Hey guys this is Ajay, i have a doubt regarding the weights of a model. so basically the sources i came through including fast ai’s book says weights are some kind of parameters which says how important a feature is in the neural network, and an another sections says weights are tunable parameters which govern’s the model’s learning. so what weights are actually?

I don’t have excel and Apple’s numbers app doesn’t have the functionality needed for gradient descent so I tried doing this in Python.

Hello,

Can someone please explain this excerpt from the Jupyter notebook on gradient descent as -

The basic idea is this: if we know the

gradientof our`mae()`

functionwith respect toour parameters,`a`

,`b`

, and`c`

, then that means we know how adjusting (for instance)`a`

will change the value of`mae()`

. If, say,`a`

has anegativegradient, then we know that increasing`a`

will decrease`mae()`

. Then we know that’s what we need to do, since we trying to make`mae()`

as low as possible.

Specifically, I did not understand -

If, say,

`a`

has anegativegradient, then we know that increasing`a`

will decrease`mae()`

.

How did we derive this conclusion? How can `a`

have a negative gradient? `a`

is just a fixed number in the quadratic right?

I did not understand how a negative sign of the gradient should intuitively mean that we need to increase our parameters. If anyone can provide an explanation, it would be really helpful!

Hi,

Here, when we say `a`

’s gradient, we mean gradient of `loss`

with respect to `a`

. `loss`

is calculated from calling `mae`

. In Pytorch, we can type `a.grad`

to get the gradient of `loss`

with respect to `a`

.

Also, negative gradient means negative slope, so we increase the parameter. If it doesn’t make sense, it might be helpful to watch videos on calculus on Khan Academy Unit 2, which covers derivatives.

I’m struggling to figure out why Jeremy changed total loss function from sum of individual losses to average of them in the Titanic excel example. Does anyone know why?

The “sum of ReLu” function made sense but I found it tricky to find combinations of parameters to demonstrate the point that Jeremy made that it can be used to create any arbitrary squiggly line. In the end I figured out a good set of parameters to approximate a quadratic function using a ReLu sum function and using this to initialize the parameters, I could fit a nice line to the quadratic using a sum of 100 ReLus. Code is here (bottom half of the notebook) and here’s what it looks like:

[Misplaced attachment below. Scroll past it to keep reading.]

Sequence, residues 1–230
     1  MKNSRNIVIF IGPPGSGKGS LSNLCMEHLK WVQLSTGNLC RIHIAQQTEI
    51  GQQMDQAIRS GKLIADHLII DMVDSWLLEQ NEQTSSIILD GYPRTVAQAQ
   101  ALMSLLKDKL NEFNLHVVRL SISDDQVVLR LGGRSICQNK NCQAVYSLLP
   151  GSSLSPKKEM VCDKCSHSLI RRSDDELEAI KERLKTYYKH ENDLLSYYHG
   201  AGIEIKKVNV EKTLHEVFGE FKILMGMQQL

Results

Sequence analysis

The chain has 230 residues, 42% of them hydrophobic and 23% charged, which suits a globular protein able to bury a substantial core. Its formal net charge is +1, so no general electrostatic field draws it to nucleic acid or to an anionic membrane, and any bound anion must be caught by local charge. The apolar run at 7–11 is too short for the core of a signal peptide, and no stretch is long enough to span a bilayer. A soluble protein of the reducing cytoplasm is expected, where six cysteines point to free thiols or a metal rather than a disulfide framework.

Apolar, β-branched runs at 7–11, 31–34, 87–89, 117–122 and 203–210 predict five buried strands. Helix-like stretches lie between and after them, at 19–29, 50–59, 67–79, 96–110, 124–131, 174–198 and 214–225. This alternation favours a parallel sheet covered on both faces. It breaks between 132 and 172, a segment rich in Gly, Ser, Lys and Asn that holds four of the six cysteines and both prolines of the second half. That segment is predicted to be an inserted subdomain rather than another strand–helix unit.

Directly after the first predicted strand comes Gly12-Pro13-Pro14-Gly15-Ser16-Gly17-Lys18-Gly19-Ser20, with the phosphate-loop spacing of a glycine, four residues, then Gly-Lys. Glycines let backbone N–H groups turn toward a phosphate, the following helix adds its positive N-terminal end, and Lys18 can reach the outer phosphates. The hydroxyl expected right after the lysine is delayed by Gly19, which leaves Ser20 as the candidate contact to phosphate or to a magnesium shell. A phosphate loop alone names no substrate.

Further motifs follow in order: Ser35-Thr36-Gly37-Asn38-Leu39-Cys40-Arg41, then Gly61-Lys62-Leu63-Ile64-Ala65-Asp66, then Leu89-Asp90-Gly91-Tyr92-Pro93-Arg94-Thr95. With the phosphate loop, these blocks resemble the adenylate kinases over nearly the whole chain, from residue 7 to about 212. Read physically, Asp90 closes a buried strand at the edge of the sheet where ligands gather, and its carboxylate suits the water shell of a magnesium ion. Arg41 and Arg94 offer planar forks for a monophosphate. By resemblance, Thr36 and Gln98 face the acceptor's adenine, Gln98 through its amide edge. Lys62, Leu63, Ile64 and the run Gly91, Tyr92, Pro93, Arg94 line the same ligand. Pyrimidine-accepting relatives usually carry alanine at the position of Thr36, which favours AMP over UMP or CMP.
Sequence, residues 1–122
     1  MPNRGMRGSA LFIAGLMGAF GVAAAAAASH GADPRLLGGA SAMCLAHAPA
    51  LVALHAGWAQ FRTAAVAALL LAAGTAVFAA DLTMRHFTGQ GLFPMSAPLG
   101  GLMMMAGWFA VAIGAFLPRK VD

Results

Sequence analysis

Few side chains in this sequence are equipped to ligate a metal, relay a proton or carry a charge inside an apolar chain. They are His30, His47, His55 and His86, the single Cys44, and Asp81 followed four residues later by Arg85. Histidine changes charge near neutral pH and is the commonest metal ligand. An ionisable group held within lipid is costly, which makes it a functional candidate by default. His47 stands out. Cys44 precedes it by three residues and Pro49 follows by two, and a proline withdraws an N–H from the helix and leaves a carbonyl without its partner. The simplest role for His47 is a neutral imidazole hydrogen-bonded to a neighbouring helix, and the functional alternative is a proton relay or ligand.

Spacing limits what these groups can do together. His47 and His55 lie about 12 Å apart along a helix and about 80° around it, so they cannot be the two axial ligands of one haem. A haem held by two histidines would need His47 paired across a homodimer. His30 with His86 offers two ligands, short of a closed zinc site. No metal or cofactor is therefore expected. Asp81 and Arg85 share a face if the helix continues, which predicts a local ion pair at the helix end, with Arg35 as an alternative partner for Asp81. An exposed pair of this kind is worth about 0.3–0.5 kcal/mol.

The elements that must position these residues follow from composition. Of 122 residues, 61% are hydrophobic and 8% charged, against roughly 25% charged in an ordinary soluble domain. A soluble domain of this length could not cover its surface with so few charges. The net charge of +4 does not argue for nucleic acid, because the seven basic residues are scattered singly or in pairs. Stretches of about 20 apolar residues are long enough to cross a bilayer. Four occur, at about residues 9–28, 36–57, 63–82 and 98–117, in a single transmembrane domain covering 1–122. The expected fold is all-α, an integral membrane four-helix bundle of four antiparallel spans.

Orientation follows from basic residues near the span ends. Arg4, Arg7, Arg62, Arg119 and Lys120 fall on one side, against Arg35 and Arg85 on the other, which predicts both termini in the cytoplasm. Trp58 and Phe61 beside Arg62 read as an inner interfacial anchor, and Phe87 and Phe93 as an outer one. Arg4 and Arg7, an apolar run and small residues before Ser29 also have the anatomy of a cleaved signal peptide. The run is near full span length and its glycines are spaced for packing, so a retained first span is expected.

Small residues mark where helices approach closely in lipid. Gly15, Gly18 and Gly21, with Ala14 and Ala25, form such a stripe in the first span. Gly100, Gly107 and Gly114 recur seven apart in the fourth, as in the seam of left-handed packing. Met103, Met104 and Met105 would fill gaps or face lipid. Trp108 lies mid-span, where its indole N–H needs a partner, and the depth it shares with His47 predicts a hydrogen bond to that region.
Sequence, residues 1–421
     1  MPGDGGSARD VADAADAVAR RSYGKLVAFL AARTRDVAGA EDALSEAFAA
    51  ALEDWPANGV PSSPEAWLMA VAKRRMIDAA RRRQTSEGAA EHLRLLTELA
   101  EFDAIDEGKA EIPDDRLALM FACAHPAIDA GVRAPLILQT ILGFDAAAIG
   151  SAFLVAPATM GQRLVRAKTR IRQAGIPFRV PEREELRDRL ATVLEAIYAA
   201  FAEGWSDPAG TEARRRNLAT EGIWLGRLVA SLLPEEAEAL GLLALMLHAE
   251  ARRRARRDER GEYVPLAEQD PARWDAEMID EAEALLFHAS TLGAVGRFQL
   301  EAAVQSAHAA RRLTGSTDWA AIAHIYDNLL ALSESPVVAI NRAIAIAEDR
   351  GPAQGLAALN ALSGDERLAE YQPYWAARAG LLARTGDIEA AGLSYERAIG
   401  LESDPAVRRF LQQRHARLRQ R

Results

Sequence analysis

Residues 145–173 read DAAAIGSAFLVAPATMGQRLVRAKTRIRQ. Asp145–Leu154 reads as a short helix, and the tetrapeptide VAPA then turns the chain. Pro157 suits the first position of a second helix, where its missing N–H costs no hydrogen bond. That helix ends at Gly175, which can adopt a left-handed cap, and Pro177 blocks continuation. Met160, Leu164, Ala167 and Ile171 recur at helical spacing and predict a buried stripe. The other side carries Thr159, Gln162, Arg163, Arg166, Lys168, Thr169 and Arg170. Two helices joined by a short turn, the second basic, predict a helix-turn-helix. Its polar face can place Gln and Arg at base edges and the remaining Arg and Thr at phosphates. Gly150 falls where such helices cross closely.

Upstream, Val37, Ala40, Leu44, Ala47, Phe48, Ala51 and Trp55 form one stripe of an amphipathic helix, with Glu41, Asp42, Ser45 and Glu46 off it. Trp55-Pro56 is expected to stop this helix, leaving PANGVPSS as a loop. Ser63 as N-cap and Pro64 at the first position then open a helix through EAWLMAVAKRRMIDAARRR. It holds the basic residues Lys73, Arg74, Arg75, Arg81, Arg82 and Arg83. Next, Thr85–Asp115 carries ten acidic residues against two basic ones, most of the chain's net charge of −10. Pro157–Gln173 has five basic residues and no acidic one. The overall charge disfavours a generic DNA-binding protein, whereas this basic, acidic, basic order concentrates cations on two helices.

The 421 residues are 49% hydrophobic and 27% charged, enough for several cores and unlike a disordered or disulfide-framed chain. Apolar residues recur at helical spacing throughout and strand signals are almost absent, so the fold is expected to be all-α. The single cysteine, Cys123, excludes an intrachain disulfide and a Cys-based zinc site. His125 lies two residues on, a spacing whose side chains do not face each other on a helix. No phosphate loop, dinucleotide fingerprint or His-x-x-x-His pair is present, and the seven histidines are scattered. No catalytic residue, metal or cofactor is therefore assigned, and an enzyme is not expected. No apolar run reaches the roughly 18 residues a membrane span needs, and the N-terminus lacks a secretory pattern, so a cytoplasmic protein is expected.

How familiar are you with derivatives? If you aren’t, I do recommend brushing up on how they function.

To answer your question about your confusion, when we take the gradient of a parameter, we are looking to see how much the value (here that would be mae()) would change each time we slightly increase a, b, or c separately (similar to how a derivative works). The conclusion is baked into the math itself. If ‘a’ had a positive gradient then we would decrease it to lower mae(). And the code also does this by subtracting the gradient times the learning rate.

Another syntax question:

I looked up res.max(a) and I found that it simply returns the maximum value of the input a. How is it that res.max(tensor(0.0)) doesn’t only return the max, but actually replaces any negative values?

How to call learn.predict() ?

Hello guys,

I created a learner following fastbook notebook 04_mnist_basics.ipynb to distinguish photo 3 and photo 7.

All the steps are good except calling learn.predict().

What data type should be sent to predict() ? A image or a file path ?

I tried all those, but both return error.

Here is my basic code.

```
# download data
path = untar_data(URLs.MNIST_SAMPLE)
Path.BASE_PATH = path
# generate paths
threes = (path/'train'/'3').ls().sorted()
sevens = (path/'train'/'7').ls().sorted()
seven_tensors = [tensor(Image.open(o)) for o in sevens]
three_tensors = [tensor(Image.open(o)) for o in threes]
stacked_sevens = torch.stack(seven_tensors).float()/255
stacked_threes = torch.stack(three_tensors).float()/255
valid_3_tens = torch.stack([tensor(Image.open(o))
for o in (path/'valid'/'3').ls()])
valid_3_tens = valid_3_tens.float()/255
valid_7_tens = torch.stack([tensor(Image.open(o))
for o in (path/'valid'/'7').ls()])
valid_7_tens = valid_7_tens.float()/255
# train data set
train_x = torch.cat([stacked_threes, stacked_sevens]).view(-1, 28*28)
train_y = tensor([1]*len(threes) + [0]*len(sevens)).unsqueeze(1)
dset = list(zip(train_x,train_y))
# valid data set
valid_x = torch.cat([valid_3_tens, valid_7_tens]).view(-1, 28*28)
valid_y = tensor([1]*len(valid_3_tens) + [0]*len(valid_7_tens)).unsqueeze(1)
valid_dset = list(zip(valid_x,valid_y))
# loss function
def mnist_loss(predictions, targets):
predictions = predictions.sigmoid()
return torch.where(targets==1, 1-predictions, predictions).mean()
# function to calculate our validation accuracy:
def batch_accuracy(xb, yb):
preds = xb.sigmoid()
correct = (preds>0.5) == yb